Mount Up With Wings

Glenn_Cunningham_competing_for_KU_circa_1933Thirteen-year-old Floyd Cunningham was putting wood in the pot-belly stove of their one room school house. Nine-year-old Raymond and 7-year-old Glenn were writing on the chalk board. Despite the cold Kansas weather that morning, their 11-year-old sister, Letha, was swinging outside. The Cunningham children were always the first ones in the school, so they were tasked with starting the fire and warming up the building before the teacher and the rest of the students arrived.

As Floyd prepared the stove, Glenn went back to watch his brother work. The last thing Floyd added was kerosene; however, the can that had been left there after a community meeting the night before was full of gasoline, not kerosene. There were still live coals in the bottom of the stove, so when Floyd poured the gasoline on the wood and coals there was an explosion of flame. Floyd and Glen were severely burned and the school house caught on fire. Letha heard the explosion and saw the flames, and helped Raymond get Floyd and Glenn out of the burning building.

The four children struggled home. When the doctor saw the boys, he knew Floyd would die. He told Glenn’s parents, “He might live unless an infection sets in. If the infection gets too bad, we won’t have any choice but to amputate. Regardless, Glenn will never be able to walk again on those legs. They are just too badly burned.”

Floyd did die, but Glenn refused to accept the prognosis of losing the use of his legs. He held firm to the belief that God could help him recover. His favorite scripture at the time was Isaiah 40:31: “But those who wait on the Lord shall renew their strength; they shall mount up with wings like eagles, they shall run and not be weary, they shall walk and not faint.”

One day when his mother rolled him in a wheel chair outside, Glenn pushed himself out of the chair and drug himself on his arms to the fence that went around their yard. At first his legs were not very useful, but eventually he could stand with the fence. He would even hang onto cows and mules as they went to water.

Glenn faced years of recovery, but eventually did walk, and then run. He not only ran, but learned to run fast. He ran everywhere; to school, friends houses, and around town. Glenn worked at it consistently. Despite infections and chronic pain for most of his running days, he would eventually become such a strong runner that he won silver in the 1936 Olympics. (Here is a cool video of his Olympic silver medal.)

Glenn would never give up when he set out to do something. He later felt God ask him to help others learn these principles. He had 12 biological children, and helped more than 6,000 kids over the years at the Cunningham Youth Ranches in Kansas and Arkansas. He taught the children about love, hope, self-discipline and the Bible.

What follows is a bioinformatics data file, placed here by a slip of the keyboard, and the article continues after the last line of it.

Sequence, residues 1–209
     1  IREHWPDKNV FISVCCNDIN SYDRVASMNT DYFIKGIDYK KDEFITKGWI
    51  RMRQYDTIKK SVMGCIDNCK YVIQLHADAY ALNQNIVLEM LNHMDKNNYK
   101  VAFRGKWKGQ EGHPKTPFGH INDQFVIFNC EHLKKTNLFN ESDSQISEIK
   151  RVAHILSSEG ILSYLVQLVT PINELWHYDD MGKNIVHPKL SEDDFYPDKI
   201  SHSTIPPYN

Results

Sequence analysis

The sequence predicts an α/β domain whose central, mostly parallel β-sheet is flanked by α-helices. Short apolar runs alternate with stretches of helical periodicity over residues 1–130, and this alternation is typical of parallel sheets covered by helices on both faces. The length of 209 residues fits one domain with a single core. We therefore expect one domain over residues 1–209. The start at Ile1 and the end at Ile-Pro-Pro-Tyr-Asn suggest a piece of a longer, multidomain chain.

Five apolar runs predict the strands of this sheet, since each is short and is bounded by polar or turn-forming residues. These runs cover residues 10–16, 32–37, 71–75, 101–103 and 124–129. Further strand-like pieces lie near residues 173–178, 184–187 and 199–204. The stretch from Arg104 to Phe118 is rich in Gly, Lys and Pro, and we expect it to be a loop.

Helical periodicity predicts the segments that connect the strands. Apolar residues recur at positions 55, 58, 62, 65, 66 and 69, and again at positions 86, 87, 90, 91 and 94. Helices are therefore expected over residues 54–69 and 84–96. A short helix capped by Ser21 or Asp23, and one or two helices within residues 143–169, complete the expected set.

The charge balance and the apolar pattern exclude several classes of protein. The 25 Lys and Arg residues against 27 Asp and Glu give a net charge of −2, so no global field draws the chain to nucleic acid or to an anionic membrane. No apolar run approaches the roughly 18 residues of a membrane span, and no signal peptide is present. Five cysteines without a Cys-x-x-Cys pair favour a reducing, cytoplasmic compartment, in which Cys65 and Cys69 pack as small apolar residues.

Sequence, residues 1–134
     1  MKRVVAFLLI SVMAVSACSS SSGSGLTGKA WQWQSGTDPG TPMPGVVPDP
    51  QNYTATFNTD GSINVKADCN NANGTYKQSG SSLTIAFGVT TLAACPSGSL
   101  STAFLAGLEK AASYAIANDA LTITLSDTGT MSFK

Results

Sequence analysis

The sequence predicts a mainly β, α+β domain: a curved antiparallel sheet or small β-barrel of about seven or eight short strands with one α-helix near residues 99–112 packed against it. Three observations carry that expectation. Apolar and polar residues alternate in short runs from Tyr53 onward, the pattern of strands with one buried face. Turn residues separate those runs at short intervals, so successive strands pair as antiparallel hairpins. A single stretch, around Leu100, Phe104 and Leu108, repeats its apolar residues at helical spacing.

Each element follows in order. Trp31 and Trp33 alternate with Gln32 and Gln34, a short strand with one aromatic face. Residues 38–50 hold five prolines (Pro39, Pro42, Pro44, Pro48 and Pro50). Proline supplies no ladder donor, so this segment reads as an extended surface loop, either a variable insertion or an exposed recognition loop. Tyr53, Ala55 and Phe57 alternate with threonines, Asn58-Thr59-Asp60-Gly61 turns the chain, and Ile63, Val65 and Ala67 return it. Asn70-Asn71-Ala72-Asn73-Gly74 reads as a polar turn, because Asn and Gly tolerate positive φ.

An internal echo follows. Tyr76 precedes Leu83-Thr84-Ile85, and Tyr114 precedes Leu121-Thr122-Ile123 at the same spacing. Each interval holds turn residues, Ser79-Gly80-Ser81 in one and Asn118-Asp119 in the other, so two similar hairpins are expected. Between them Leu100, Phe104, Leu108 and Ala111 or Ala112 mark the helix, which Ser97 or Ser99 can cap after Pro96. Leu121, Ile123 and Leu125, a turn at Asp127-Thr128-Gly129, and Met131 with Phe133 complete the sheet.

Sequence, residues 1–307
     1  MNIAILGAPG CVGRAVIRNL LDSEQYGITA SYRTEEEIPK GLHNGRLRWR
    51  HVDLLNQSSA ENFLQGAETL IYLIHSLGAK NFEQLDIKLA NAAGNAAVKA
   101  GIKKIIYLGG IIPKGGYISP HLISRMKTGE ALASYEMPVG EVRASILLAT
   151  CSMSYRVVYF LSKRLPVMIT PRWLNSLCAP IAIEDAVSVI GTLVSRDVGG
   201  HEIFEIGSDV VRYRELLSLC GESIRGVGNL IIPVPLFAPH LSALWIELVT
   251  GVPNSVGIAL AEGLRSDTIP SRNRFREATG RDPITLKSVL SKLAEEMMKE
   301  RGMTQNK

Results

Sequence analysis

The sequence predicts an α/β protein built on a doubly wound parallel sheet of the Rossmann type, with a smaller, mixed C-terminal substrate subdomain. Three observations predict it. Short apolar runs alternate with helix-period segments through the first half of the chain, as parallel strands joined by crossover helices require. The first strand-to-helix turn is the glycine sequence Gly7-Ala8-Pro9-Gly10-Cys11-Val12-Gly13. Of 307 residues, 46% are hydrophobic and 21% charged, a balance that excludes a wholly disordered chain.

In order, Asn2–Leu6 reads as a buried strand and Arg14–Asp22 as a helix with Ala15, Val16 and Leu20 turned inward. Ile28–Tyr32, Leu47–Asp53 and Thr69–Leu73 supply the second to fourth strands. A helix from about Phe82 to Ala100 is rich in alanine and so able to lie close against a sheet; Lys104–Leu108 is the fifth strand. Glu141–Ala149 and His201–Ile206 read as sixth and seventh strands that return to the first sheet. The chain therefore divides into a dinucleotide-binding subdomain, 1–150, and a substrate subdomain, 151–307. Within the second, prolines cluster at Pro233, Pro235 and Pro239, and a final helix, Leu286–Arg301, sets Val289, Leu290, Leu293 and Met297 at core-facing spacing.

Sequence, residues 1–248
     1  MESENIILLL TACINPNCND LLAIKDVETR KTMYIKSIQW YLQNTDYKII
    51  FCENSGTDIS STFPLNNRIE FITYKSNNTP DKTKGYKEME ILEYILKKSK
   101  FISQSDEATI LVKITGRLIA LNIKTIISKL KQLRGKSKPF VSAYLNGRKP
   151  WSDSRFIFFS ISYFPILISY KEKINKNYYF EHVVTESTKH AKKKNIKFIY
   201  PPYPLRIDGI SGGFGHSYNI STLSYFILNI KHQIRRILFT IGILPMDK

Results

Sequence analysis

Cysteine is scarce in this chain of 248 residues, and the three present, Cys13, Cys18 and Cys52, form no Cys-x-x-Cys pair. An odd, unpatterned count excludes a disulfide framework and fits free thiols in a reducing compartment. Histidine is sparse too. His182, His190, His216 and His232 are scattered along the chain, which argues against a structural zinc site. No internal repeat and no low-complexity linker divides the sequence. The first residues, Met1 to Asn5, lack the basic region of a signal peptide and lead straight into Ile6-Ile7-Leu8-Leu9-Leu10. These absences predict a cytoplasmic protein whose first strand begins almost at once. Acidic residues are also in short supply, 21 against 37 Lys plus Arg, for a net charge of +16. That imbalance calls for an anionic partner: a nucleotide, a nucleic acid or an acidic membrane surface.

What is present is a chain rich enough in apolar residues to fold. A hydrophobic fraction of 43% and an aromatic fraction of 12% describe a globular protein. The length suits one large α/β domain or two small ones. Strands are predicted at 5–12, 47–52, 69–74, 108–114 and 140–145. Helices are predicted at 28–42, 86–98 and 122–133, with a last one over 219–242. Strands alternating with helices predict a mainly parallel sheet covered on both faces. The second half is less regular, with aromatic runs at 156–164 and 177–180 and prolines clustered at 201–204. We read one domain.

As Glenn had experienced as a child, the young children he took in were expected to work hard, play hard and never quit. He taught them to live by his favorite Bible verses such as Proverbs 23:7, “As a man thinketh in his heart, so is he.”
For you:

Take a moment to consider these axioms that Glenn taught thousands of kids.

  • If you don’t stand for something, you will fall for anything.
  • Belief influences action, and action influences belief.
  • Act as if it were impossible to fail.
  • Every great accomplishment started with a thought.

Now consider what you stand for, what you believe and what you think about most. Do you act as if you expect to succeed or fail?

I don’t think Glenn means you should take success as a foregone conclusion, when he said, “act as if it were impossible to fail.” Rather I think he was suggesting not to allow doubts to hold you back. If you know you will never give up, and God will never give up on you, you can set your sights firmly in front of you, never wasting time looking for a fall back.


I started writing short stories in elementary school, starting with a short story about twin track athletes. In college, I wrote for the college newspaper and studied communications. My first job out of college was with a magazine as an assistant editor, where I started a comic strip called City Boy. My first published work, was a short essay entitled, Dream with Me, published in “The Art of Service” booklet put out by the Thayne Center for Service and Learning. I also published a three part series for families called “Family Parables – Wise Man Foolish Man.” This set is designed to be used by families to create discussion and learning as a family. I soon will publish my first novel, Love Like Alzheimer’s, a story of a family that is learning to love deeper as their beloved grandmother struggles with Alzheimer’s disease.

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